Concept Art Writing Prompt: A Beach Vacation with the Robot Family

An unusual family takes a vacation day in this week's Concept Art Writing Prompt. Will they have to deal with the usual family drama—with a robot twist—or will they encounter more nefarious forces on the beach? Come up with your own tale of these oddball beach-goers.

Alexandre Diboine painted this piece, titled "Vacation Shot" (via The Art of Animation). As always, if this inspires you to write a bit of flash fiction, please post it in the comments.

Here's my story:

Hemmy pulled on his leash. "Daddy!" he yipped. "Daddy, I want to run!"

I knelt beside him, grabbing him by the scruff of his shirt as I snapped off the leash. "Hey, sport. See those doggies?"

Hemmy bounced and nodded, clapping his hands impatiently.

"How would you like bodies like those? You'd be all furry and you run around like that all the time."

He flashed a surprised emoticon across his screen and I let go of his shirt, letting him bound over to a pack of bioloid mutts, their fur sandy and wet with ocean spray. Cerise smacked the back of my head. "You can't just convert our son to a pet!" she said, though she was grinning.

I shrugged, a gesture I had acquired from too many years with a bioloid bride. "He might be happier that way." Cerise was a bioloid, but she'd been vat-grown from the finest parts, and her brain and been carefully constructed and seated by artisan bioroboticists. I'd never understood why she'd insisted on having a uterus installed. Those things are unreliable even in the best of circumstances, and Ford knows what chop shop printed off the sperm. We'd already had to reseat his brain in a mech-skull, which honestly was for the best. Bad enough to have a kid who couldn't tie his shoes; worse to have people mistake him for human.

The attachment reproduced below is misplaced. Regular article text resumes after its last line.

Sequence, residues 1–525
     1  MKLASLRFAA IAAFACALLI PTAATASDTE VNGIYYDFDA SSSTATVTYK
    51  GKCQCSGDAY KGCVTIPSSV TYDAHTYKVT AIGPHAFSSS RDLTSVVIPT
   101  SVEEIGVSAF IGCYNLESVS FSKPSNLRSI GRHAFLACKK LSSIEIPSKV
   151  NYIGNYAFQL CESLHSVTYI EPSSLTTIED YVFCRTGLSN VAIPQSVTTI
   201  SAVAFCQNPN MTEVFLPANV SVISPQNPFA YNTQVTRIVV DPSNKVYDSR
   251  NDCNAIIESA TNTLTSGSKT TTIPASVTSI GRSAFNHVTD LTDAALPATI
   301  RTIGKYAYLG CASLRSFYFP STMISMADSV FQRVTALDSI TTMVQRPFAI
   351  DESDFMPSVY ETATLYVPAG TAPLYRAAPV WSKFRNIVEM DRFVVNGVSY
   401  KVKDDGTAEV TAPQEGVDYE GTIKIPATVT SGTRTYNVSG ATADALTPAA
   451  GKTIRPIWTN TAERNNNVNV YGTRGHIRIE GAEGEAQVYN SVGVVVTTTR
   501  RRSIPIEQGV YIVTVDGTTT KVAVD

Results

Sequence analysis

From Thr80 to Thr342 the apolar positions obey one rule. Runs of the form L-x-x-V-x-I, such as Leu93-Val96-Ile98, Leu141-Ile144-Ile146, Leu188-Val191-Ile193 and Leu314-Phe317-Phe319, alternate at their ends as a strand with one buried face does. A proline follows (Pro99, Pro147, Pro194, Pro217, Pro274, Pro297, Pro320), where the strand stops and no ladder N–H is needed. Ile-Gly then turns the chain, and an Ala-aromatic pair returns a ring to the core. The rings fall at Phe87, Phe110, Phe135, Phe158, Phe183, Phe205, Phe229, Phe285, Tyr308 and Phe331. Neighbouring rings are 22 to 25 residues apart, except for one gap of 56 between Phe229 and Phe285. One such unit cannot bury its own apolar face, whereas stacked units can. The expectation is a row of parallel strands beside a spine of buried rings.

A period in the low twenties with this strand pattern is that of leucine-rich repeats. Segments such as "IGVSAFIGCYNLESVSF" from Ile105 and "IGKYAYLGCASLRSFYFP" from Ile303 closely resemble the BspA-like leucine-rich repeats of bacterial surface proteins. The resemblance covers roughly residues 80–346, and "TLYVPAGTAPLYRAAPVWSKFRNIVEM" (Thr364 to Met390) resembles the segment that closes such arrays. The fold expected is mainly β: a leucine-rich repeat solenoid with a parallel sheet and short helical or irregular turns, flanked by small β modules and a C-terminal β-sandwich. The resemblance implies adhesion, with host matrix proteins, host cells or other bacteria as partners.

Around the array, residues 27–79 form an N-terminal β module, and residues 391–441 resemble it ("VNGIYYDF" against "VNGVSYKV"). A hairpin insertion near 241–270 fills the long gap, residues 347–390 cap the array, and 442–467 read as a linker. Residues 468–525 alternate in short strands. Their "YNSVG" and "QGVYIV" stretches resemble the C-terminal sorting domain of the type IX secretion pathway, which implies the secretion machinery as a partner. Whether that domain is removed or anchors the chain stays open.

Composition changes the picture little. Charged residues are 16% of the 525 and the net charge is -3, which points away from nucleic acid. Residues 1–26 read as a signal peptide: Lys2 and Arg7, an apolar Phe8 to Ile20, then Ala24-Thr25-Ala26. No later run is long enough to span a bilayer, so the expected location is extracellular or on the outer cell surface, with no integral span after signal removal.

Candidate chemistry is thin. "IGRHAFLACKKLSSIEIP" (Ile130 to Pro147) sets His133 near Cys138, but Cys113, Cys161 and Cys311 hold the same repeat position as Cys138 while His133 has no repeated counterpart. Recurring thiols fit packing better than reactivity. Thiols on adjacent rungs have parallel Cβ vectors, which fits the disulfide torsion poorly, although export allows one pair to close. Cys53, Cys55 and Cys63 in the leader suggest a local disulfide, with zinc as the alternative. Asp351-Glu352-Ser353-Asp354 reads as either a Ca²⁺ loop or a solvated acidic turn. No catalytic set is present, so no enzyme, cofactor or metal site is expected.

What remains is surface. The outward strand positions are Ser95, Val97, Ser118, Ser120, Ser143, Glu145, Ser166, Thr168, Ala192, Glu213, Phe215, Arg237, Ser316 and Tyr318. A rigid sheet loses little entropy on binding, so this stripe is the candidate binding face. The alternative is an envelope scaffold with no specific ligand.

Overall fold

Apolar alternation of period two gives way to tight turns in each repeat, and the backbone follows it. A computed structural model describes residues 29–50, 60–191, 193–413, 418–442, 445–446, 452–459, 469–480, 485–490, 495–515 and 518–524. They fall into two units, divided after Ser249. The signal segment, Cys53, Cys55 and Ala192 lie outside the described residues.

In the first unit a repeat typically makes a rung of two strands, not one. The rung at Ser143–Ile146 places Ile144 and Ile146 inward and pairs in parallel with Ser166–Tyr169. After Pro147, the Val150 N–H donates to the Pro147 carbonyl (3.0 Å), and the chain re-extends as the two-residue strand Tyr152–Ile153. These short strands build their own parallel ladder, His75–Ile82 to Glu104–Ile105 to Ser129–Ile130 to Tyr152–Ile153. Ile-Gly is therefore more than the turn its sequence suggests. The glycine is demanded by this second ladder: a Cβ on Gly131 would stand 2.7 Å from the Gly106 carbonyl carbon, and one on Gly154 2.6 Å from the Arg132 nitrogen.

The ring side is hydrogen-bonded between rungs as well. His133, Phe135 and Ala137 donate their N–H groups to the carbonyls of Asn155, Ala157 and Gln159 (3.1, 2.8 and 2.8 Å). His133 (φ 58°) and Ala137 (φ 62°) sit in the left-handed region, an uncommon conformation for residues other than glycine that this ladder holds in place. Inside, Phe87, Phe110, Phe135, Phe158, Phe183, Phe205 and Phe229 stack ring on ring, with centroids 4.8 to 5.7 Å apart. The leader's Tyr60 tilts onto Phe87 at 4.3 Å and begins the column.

"See?" Hemmy was tussling with a giant creature who looked like a German Shepherd. "He's happier out there with dogs."

Cerise unfolded a chair and nestled it into the sand. "So are lots of boys his age. It's just a phase."

I smoothed a towel on the beach and sat beside Cerise. I'd rescued a bioloid transplant catalogue from the recycler, debating whether to hide it in Hemmy's room. Now I'd made up my mind. The boy should get to choose for himself.

By the time Cerise fell asleep, Hemmy had joined the dogs in an endless game of fetch. Owners would hurl tennis balls from the beach and Hemmy would charge with the dogs into the ocean to retrieve them. But gradually, the number of dogs dwindled and dwindled as their owners leashed them up and took them home. Finally, a towering android with a shaggy terrier glanced from the tennis ball in his hand to Hemmy. He pulled the ball back behind his head and pretended to throw.

Hemmy, as eager as ever, dove into the water, hunting for a ball that wasn't there. I leaned forward and watched him swim and swim until he was little more than a dot growing ever smaller on the horizon.